Tagged: disaster

Taking the steam out of boil water order

watermainThe first hint of something not exactly right was when the stream of water coming out of my shower head was roughly as weak as a pee from a man with a faulty prostate.  Hint number two was the sound of a loud cough coming from my bathroom sink faucet once I turned the tap. Sounded about the same as an Englishman with his mad dog out in the midday sun.  I gave these hydro-aberrations little thought until early this morning when I attempted to fill the coffee pot and all that dripped from the tap was enough H20 to fill a thimble. After scratching my head and thinking of doing the same to my ass I checked my phone for any overnight emails or messages.  That’s where the mystery was solved. A water main had cracked a few miles from my house the evening before and ruined tea time for more than 600-thousand people in the area. 

The headline was dire and direct: “Mandatory boil water in effect for the following cities and towns! Don’t drink, wash, bathe, slosh or spit until you have allowed the water to boil for a minute or more.” Then, I suppose, you had complete permission to scald yourself to your heart’s delight.

So I had no choice but to hop in my car and head downtown to my part–time job 26 miles away in Detroit, allowing me the opportunity to hear non-stop on the all-news radio station that everyone affected by the water crisis was essentially screwed until at least Friday night.  The reason for the delay? The water people don’t keep a spare 48-inch diameter pipe handy for such disasters, so a section of the four-foot wide main would need to be trucked in from Illinois and installed. Then water pressure would be slowly built back up and the water tested to make sure it did not contain the type of bacteria causing President Trump to emulate the man who inspired a famous Edvard Munch painting.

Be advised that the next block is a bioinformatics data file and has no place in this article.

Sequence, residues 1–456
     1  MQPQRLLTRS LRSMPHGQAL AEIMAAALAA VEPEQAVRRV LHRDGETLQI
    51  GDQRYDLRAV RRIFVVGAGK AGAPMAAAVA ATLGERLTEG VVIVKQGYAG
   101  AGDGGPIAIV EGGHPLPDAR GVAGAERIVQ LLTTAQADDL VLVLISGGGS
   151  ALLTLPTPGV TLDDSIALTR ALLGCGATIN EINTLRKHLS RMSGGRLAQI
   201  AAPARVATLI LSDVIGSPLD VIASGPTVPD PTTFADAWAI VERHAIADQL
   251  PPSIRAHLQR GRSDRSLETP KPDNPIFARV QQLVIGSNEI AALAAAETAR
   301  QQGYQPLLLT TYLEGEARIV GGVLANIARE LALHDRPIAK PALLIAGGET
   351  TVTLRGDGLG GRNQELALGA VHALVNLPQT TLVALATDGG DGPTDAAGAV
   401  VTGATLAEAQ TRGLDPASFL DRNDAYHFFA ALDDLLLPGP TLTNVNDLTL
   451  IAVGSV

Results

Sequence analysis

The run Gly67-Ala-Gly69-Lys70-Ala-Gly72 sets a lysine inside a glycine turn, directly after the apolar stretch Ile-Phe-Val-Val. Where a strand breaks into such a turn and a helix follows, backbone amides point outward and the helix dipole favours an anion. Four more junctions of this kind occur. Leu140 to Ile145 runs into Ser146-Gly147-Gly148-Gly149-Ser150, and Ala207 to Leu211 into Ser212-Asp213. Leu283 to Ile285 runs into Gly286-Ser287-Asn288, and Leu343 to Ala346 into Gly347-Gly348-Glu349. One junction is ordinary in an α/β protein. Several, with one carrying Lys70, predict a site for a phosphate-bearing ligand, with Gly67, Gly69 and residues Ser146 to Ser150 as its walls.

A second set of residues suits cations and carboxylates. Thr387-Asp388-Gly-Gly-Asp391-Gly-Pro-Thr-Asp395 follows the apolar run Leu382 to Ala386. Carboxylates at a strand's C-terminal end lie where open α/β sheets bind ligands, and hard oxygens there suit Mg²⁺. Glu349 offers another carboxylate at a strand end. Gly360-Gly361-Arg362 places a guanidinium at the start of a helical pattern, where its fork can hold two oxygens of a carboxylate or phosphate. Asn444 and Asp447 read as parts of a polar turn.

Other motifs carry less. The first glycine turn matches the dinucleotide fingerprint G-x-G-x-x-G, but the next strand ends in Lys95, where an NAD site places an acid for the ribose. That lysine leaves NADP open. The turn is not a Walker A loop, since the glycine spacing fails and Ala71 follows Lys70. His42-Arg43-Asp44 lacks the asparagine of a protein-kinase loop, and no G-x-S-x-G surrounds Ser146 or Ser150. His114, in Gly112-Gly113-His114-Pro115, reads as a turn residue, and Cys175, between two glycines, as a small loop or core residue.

I attempted to buy bottled water but all I could find was a single six-pack of grape-flavored agua. I did see a couple of bottles of Pellegrino water in one shopper’s cart, but I did not deem such a disaster was the time for pretentiousness. I must admit, however, it would be pretty sparkling bathing in a tub of lightly bubbled spritz.

As a provider for my little family, I used all of my survival instincts to come through with one logical course of action. Find a water source that was easily transportable, and totally potable. I need look only at the top shelf of my fridge where a thoroughly chilled 12-pack of Sam Adams seasonal brews were foaming over the chance to be of public service.  My family was not nearly as enthused over my solution as they prefer a nice dry, red. I was only too happy to return to the market, pass the empty water shelves and snicker as I bought a case of Cabernet, feeling a little drunk with smugness, and Sam Adams, that my dear neighbors hadn’t had that same Eureka moment.

So now we’re all set. Ready to ride out this temporary situation for the next couple of days. We won’t need to boil water at all. We’re all cooked.